Instead, the treatment needs much more care in situations typical of `frontier research': small numbers, and often with no single `successes'. Let us consider the latter case and let us assume a naïve flat prior, that it is considered to represent `indifference' of the parameter $p$ between 0 and 1. From Eq. (12) we get

$\displaystyle f(p\,\vert\,x=0,n,{\cal B},\mbox{Beta}(1,1))$ $\textstyle =$ $\displaystyle (n+1) \, (1-p)^n \,.$ (23)

(The prior has been written explicitly among the conditions of the posterior.) Some examples are given in Fig. (3). As $n$ increases, $p$ is more and more constrained in proximity of 0.
Figure: Probability density function of the binomial parameter $p$, having observed no successes in $n$ trials.[2]
In these cases we are used to give upper limits at a certain level of confidence. The natural meaning that we give to this expression is that we are such and such percent confident that $p$ is below the reported upper limit. In the Bayesian approach this is is straightforward, for confidence and probability are synonyms. For example, if we want to give the limit that makes us 95% sure that $p$ is below it, i.e. $P(p\le p_{u_{0.95}}) = 0.95$, then we have to calculate the value $p_{u_{0.95}}$ such that the cumulative function $F(p_{u_{0.95}})$ is equal to 0.95:
$\displaystyle F(p_{u_{0.95}}\,\vert\,x=0,n,{\cal B},\mbox{Beta}(1,1))$ $\textstyle =$ $\displaystyle \int_0^{p_{u_{0.95}}}f(p)\,\mbox{d}p$ (24)
  $\textstyle =$ $\displaystyle 1 - (1-p_u)^n = 0.95\,,$ (25)

that yields
$\displaystyle p_{u_{0.95}}$ $\textstyle =$ $\displaystyle 1 - \sqrt[n+1]{0.05}\, .$ (26)

For the three examples given in Fig. 3, with $n=3$, 10 and 50, we have $p_{u_{0.95}}=0.53$, 0.24 and 0.057, respectively. These results are in order, as long the flat prior reflected our expectations about $p$, that it could be about equally likely in any sub-interval of fixed width in the interval between 0 and 1 (and, for example, we believe that it is equally likely below 0.5 and above 0.5).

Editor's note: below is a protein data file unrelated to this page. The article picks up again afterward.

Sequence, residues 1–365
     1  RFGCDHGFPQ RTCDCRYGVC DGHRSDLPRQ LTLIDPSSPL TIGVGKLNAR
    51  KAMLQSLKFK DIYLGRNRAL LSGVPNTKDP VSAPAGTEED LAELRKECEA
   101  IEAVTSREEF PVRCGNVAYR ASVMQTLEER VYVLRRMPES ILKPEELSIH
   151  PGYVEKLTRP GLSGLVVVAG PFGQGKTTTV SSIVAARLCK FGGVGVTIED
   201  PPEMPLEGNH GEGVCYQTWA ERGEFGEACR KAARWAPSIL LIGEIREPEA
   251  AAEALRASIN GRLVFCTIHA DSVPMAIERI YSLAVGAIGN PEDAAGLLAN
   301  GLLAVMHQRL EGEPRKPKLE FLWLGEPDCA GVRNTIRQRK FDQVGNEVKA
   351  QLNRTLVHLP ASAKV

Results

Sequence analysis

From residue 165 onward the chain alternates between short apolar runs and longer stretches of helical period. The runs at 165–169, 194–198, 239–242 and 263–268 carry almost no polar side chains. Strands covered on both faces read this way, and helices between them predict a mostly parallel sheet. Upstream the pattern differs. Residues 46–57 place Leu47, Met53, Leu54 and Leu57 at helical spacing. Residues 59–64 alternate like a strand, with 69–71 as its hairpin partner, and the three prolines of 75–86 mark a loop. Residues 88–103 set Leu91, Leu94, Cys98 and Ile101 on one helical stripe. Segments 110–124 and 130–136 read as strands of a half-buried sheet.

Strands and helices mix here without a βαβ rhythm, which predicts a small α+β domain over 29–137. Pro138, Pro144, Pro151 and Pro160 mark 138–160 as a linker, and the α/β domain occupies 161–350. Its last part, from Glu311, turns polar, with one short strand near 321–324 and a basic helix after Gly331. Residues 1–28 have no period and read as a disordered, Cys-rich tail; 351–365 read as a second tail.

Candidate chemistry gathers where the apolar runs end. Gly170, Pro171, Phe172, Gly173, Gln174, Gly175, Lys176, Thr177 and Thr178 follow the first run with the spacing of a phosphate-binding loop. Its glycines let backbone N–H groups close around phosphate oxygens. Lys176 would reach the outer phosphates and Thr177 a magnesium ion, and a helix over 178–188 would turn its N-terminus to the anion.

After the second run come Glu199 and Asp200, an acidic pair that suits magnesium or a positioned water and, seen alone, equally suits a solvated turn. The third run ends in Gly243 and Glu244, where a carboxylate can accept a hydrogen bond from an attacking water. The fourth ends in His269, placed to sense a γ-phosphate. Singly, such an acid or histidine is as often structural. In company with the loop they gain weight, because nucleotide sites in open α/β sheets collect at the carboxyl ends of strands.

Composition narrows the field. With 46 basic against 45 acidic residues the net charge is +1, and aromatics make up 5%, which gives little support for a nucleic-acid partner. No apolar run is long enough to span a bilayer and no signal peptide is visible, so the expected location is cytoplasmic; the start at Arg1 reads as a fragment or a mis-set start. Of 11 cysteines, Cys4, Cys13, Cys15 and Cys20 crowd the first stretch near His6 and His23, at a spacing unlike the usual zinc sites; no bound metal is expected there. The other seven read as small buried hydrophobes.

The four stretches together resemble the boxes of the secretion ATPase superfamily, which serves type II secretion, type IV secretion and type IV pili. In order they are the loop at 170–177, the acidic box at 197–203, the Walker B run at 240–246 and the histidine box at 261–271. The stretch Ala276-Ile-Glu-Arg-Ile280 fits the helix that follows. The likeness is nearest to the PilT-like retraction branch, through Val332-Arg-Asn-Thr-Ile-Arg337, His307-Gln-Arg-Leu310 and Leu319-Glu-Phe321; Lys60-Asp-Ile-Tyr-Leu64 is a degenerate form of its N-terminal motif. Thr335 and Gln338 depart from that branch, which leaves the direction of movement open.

However, this is often not the case in frontier research. Perhaps we were looking for a very rare process, with a very small $p$. Therefore, having done only 50 trials, we cannot say to be 95% sure that $p$ is below 0.057. In fact, by logic, the previous statement implies that we are 5% sure that $p$ is above 0.057, and this might seem too much for the scientist expert of the phenomenology under study. (Never ask mathematicians about priors! Ask yourselves and the colleagues you believe are the most knowledgeable experts of what you are studying.) In general I suggest to make the exercise of calculating a 50% upper or lower limit, i.e. the value that divides the possible values in two equiprobable regions: we are as confident that $p$ is above as it is below $p_{u_{0.5}}$. For $n=50$ we have $p_{u_{0.5}}=0.013$. If a physicist was looking for a rare process, he/she would be highly embarrassed to report to be 50% confident that $p$ is above 0.013. But he/should be equally embarrassed to report to be 95% confident that $p$ is below 0.057, because both statements are logical consequence of the same result, that is Eq. (23). If this is the case, a better grounded prior is needed, instead of just a `default' uniform. For example one might thing that several order of magnitudes in the small $p$ range are considered equally possible. This give rise to a prior that is uniform in $\ln p$ (within a range $\ln p_{min}$ and $\ln p_{max}$), equivalent to $f_\circ(p)\propto 1/p$ with lower and upper cut-off's.